Provided that nothing in this section shall affect the rights of a transferee for consideration who has no notice of the contract or of the part performance thereof.

Under Section 17 of the Indian Registration Act it is only a contract of final sale that requires to be registered. A contract to sell does not require to be registered. If a contract of sale is unregistered it can be regarded as a contract to sell which does not require to be registered. It is because that document is unregistered that Section 53A has been enacted. To hold that a contract of sale cannot be looked at because it is unregistered would be contrary to Section 53A. To so hold would render Section 53A of the Transfer of Property Act and Section 49 of the Registration Act meaningless and nugatory. Section 53A of the T.P. Act specifically applies where notwithstanding that the contract though required to be registered? has not been registered or where there is an instrument of transfer and the transfer has not been completed in the manner prescribed therefor by the law for the time being in force.

3. It is therefore clear from Section 53A of the T.P. Act itself that we can look at the contract although it has not been registered or completed in the manner required by the law. That principle is part of the section itself and if we accept the view of Sen J. in 45 Bom. L.R. 566 (supra) it would definitely go against the wording of the section. This has been pointed out in Nanasaheb v. Appa : AIR1957Bom138 . Section 49 of the Registration Act reads as follows:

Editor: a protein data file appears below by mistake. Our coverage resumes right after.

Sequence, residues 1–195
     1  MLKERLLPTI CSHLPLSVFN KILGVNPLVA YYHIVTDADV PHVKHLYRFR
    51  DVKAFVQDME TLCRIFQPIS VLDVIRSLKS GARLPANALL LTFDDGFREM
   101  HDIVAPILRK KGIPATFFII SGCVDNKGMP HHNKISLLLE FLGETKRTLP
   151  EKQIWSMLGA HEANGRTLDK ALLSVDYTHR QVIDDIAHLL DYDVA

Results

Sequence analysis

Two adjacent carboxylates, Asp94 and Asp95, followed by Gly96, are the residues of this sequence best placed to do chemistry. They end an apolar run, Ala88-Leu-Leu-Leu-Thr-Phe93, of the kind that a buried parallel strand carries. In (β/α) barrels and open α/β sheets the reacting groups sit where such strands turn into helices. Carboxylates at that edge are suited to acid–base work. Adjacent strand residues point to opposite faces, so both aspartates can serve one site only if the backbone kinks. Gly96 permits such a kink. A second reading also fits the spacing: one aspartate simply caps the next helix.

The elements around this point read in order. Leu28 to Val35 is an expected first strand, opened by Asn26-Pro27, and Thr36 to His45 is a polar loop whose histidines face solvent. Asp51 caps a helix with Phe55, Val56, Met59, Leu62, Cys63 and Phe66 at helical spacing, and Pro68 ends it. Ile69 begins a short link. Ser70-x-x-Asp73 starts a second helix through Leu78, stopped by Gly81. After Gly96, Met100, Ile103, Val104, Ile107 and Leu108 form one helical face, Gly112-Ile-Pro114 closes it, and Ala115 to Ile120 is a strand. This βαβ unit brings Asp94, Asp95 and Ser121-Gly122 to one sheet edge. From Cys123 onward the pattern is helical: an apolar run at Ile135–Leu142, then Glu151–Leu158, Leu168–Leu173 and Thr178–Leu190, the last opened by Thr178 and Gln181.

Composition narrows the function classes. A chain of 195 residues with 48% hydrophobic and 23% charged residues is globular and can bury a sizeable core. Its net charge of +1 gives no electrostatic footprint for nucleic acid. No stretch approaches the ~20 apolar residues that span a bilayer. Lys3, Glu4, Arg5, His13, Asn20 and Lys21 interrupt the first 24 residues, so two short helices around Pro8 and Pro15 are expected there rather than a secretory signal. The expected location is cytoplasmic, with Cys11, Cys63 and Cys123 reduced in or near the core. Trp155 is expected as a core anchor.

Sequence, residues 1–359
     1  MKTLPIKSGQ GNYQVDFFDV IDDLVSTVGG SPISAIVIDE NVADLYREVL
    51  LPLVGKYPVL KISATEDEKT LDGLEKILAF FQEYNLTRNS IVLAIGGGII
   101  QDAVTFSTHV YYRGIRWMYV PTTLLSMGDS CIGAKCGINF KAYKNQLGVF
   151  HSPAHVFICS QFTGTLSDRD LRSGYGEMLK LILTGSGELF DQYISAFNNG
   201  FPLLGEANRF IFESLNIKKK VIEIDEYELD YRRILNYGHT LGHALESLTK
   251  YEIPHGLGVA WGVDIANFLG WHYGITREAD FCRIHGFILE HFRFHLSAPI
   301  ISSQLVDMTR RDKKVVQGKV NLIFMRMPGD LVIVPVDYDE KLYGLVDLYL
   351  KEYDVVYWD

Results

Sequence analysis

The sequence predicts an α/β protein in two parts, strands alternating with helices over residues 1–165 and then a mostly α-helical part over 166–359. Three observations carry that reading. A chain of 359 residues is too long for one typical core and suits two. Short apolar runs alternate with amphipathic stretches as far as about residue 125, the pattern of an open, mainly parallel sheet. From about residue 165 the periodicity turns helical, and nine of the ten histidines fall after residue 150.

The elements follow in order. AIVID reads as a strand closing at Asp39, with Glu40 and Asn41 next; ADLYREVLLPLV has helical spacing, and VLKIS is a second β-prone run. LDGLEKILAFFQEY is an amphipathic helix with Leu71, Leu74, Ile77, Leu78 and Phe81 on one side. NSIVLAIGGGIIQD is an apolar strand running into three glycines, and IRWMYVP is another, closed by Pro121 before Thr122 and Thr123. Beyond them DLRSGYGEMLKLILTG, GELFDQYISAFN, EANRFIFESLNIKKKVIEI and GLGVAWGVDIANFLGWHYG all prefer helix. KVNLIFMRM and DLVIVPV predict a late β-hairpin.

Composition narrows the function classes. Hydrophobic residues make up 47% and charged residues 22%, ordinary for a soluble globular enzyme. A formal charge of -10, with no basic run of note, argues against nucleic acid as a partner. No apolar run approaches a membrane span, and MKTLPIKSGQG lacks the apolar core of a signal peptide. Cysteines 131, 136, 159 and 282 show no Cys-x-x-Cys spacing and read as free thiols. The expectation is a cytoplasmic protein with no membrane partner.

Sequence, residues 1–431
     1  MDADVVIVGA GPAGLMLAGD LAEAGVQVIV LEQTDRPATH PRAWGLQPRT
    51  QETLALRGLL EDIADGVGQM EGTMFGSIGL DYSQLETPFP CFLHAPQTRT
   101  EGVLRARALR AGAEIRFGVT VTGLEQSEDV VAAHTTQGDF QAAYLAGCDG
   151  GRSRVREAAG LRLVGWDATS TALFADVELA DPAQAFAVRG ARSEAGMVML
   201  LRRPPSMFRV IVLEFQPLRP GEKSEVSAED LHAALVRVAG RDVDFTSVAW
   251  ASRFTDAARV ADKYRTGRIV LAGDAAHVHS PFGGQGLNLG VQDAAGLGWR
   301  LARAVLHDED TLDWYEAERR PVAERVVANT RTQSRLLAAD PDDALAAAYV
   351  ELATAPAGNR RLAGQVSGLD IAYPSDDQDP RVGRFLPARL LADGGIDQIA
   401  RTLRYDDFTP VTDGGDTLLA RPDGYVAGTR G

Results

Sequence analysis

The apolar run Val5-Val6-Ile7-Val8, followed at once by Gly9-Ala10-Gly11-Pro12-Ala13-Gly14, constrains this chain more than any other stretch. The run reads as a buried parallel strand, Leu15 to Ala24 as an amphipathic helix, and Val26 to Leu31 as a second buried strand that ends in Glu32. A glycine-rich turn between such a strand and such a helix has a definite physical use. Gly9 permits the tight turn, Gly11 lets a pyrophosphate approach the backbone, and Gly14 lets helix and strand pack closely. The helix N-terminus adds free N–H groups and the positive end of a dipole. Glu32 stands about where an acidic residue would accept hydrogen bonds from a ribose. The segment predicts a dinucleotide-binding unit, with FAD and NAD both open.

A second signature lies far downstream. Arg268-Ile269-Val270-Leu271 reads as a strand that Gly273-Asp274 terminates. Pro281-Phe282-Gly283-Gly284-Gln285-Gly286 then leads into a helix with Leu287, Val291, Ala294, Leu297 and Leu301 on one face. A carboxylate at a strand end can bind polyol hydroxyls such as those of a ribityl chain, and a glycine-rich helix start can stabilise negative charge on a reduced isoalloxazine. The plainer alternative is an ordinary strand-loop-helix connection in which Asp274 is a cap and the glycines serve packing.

No document required by Section 17 or by any provision of the Transfer of Property Act 1882 to be registered shall-

(a) affect any immovable property comprised therein or

(b) confer any power to adopt or

(c) be received as evidence of any transaction affecting such property or conferring such power unless it has been registered.

Provided that an unregistered document affecting immovable property and required by this Act or the Transfer of Property Act 1882 to be registered may be received as evidence of a contract in a suit for specific performance under Chapter II of the Specific Relief Act 1877 or as evidence of part performance of a contract for the purposes of Section 53A of the Transfer of Property Act 1882 or 35 evidence of any collateral transaction not required to be effected by registered instrument.

The proviso is equally important. An unregistered document can be treated as evidence of part performance of a contract for the purpose of Section 53A of the T.P. Act. This is part of the wording of Section 49 of the Registration Act and therefore the contention of the Learned Counsel for the appellant must be rejected.

4. The next contention of the Learned Counsel for the appellant is that nothing has been done under the contract. But it is clear that the money was paid under the contract. Under the contract the money was received and the nature of the possession was also changed from possession of the mortgagee into possession of an owner. The Learned Counsel for the appellant also relies on Bhikhabhai Nanabhai v. Chimanlal Maganlal 55 Bom. L.R. 641. But this is a case under Section 54 of the Transfer of Property Act and not under Section 53A of the said Act and in the present case I am not concerned with the interpretation to be put upon the word delivery used in Section 54 of the Transfer of Property Act.

All the contentions of the Learned Counsel for the appellant are therefore rejected and the appeal is dismissed with costs.